LABOR officials have ruled against the University over illegal dismissal cases filed by former instructors of the College of Fine Arts and Design (CFAD) over the “no master’s, no teaching load policy.”

In a 14-page resolution last April 13, the National Labor Relations Commission (NLRC) ruled in favor of Raymund Antiola, Raymond Son, and Wilfredo Pollarco, who were dismissed for refusing to sign an agreement which required professors without master’s degrees to sign waivers renouncing their right to tenureship.

The three were ordered reinstated and given around P1.2 million in backwages and moral damages. The three sued UST for unfair labor practice and illegal dismissal in July last year.

The three declined to talk about the decision.

UST’s in-house legal counsel, Arsenik Pagaduan, said the University has filed a motion for reconsideration before the NLRC.

“UST also has many options on their reinstatement, but for now, we’ll have to wait for the decision,” Pagaduan said.

Last year, the UST administration required non-tenured faculty members without master’s degrees to sign waivers renouncing their right to tenureship at the start of the academic year, following the University’s move to strictly enforce a Commission on Higher Education (Ched) memorandum requiring all college teachers to have master’s degrees.

Antiola, Pollarco, and Son claimed that signing the waiver would violate their rights guaranteed in the Colective Bargaining Agreement (CBA). They were given termination letters soon after, and they sued the University for unfair labor practice and illegal dismissal.

Reynaldo Reyes, UST Faculty Union vice president for grievance and complaints, said the decision reflected the union’s position from the start.

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“The decision speaks for itself,” Reyes said.

The resolution also said that no waivers should have been issued when UST decided to implement the Ched memo.

“If respondents had genuinely intended to follow to the memo, then no exceptions should have been made,” it said.

NLRC also found the University liable to unfair labor practice as there was a refusal to follow contractual stipulations in the CBA.

Son iwas ordered to be paid backwages of P357,841. Pollarco, meanwhile, should receive P408,961, and Antiola, P460,081.


Meanwhile, UST won two separate illegal dismissal suits filed by former instructors Buen Franklin Anthony Calubayan of CFAD and Dianne Gene Aquino from the College of Commerce and Business Administration.

Calubayan was dismissed for allegedly disregarding the University’s by-laws after some officials questioned his paintings that portrayed atheistic themes during an exhibit in the campus.

“[I]t must be borne to mind that [Calubayan] is not merely an artist, but more importantly, a teacher; an instructor of UST, a Catholic university,” the court order said.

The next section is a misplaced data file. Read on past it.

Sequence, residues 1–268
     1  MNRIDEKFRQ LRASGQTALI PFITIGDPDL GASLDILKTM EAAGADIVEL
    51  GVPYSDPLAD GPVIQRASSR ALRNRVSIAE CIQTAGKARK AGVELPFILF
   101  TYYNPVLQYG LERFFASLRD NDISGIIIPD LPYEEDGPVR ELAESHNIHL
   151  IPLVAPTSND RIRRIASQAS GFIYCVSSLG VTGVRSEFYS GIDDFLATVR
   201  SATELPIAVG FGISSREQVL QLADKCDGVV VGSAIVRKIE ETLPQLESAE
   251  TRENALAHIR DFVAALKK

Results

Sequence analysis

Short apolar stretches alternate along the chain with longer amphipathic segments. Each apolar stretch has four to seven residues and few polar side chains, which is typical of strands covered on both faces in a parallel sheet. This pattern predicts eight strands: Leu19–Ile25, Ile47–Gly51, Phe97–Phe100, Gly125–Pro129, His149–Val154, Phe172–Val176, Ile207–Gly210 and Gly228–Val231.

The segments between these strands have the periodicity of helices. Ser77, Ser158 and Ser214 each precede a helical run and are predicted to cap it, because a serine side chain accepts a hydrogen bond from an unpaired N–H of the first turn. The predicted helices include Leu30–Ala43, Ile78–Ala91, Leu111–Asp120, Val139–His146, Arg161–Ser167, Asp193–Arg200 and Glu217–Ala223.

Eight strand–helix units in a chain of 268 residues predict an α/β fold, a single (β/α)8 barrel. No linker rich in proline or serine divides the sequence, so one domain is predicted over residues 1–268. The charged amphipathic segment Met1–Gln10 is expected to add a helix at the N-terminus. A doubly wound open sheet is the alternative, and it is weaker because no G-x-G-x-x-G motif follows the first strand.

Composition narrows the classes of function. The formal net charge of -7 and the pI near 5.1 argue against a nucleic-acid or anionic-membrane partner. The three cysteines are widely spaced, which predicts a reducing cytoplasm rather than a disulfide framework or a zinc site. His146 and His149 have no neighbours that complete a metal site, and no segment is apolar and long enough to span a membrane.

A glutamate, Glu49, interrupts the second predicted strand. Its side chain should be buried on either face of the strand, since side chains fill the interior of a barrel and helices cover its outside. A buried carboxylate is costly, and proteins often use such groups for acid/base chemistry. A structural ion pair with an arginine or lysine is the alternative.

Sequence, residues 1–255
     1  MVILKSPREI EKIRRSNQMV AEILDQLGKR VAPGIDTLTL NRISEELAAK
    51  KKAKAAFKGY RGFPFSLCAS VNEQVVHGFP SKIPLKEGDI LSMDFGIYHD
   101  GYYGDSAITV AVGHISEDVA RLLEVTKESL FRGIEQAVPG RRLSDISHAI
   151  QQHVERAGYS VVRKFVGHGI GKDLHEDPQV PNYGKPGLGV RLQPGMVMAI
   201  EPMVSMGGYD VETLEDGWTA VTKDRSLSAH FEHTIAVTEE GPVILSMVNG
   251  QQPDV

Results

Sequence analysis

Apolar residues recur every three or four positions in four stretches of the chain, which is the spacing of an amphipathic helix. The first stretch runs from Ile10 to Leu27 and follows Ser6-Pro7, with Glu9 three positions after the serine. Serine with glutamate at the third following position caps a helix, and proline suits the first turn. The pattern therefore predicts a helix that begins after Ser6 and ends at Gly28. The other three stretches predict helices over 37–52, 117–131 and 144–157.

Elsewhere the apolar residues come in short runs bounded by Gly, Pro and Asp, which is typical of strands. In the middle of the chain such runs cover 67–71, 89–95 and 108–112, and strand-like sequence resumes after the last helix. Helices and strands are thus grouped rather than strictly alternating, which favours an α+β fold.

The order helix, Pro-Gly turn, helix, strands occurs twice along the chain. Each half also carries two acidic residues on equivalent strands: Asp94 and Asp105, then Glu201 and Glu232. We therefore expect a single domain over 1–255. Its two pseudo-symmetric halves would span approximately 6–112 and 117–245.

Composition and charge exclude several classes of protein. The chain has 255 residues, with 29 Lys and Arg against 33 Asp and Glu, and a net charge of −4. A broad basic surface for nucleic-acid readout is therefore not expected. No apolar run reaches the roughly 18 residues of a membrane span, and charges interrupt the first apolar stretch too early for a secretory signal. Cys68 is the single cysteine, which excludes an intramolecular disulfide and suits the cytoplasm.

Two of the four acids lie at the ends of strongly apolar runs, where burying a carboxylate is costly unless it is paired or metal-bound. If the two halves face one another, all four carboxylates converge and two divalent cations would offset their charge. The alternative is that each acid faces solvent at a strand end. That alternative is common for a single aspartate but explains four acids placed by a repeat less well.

Meanwhile, Aquino’s complaint said the University “illegally” terminated her as instructor and that the semesters when she had full teaching loads were grounds for her not to be dismissed.

“Although the available evidence show that Aquino has indeed rendered service of six consecutive terms, with a full-time teaching load of more than fifteen (15 units starting the second semester of AY 2004-2005 until the first semester of AY 2007-2008, the same did not amount to an automatic conversion of her contractual, non-tenurial appointment to a regular, tenurial status,” the court said.

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But according to Commerce officials, her behavior as instructor was the reason for her dismissal.

Aquino incurred numerous and unexplained absences and did not submit preliminary grades of students for a particular semester on time and exempted all students enrolled in a subject she handled in the subject Total Quality Management from taking its final examination.


  1. Raymund Antiola, Raymond Son, and Wilfredo Pollarco

    These professors are the perfect example that they don’t have an idea on how to work in a university.

    Being a University Professor should god academic background and not just experience ALONE.

    So what if they’re knowledgeable in their subjects, if they don’t have masters degree, ITS USELESS!!!

  2. ^ I agree, dapat hindi nagaaccept ang UST ng mga walang masters. With masters and dapat practitioners ang mga tamang professors.

  3. matagal ng policy ng karamihan sa mga HEI (Higher Educational Institutions) ang further studies policy. kaya nakapagtataka na merong professors na parang gulat na gulat sa policy na yan.

    dapat may orientation muna ang mga professors sa UST para alam nila pinapasok nila

    sa mundo ng academe, hand in hand ang experience at academic credentials. hindi pwedeng isa lang dun.


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